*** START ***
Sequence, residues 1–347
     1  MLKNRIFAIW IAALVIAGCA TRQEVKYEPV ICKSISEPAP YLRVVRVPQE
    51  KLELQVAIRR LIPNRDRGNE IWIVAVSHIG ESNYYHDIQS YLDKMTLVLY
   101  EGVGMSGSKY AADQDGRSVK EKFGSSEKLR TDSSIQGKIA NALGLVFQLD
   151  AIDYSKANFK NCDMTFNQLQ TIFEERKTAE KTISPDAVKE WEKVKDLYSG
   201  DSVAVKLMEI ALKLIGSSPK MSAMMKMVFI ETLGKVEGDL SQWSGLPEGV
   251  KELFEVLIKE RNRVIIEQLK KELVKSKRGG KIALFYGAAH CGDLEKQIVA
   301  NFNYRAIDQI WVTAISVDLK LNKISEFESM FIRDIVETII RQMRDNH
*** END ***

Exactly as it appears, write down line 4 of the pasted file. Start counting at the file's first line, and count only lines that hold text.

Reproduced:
   101  EGVGMSGSKY AADQDGRSVK EKFGSSEKLR TDSSIQGKIA NALGLVFQLD